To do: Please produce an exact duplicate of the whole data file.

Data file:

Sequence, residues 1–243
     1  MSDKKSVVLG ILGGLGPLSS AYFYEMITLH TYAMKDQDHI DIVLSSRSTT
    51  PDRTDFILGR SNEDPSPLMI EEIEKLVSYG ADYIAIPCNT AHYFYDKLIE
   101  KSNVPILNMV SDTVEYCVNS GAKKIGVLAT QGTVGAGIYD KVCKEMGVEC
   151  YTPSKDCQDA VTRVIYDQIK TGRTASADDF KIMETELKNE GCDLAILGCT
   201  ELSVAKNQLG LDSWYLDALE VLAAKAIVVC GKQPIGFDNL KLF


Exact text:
Sequence, residues 1–243
     1  MSDKKSVVLG ILGGLGPLSS AYFYEMITLH TYAMKDQDHI DIVLSSRSTT
    51  PDRTDFILGR SNEDPSPLMI EEIEKLVSYG ADYIAIPCNT AHYFYDKLIE
   101  KSNVPILNMV SDTVEYCVNS GAKKIGVLAT QGTVGAGIYD KVCKEMGVEC
   151  YTPSKDCQDA VTRVIYDQIK TGRTASADDF KIMETELKNE GCDLAILGCT
   201  ELSVAKNQLG LDSWYLDALE VLAAKAIVVC GKQPIGFDNL KLF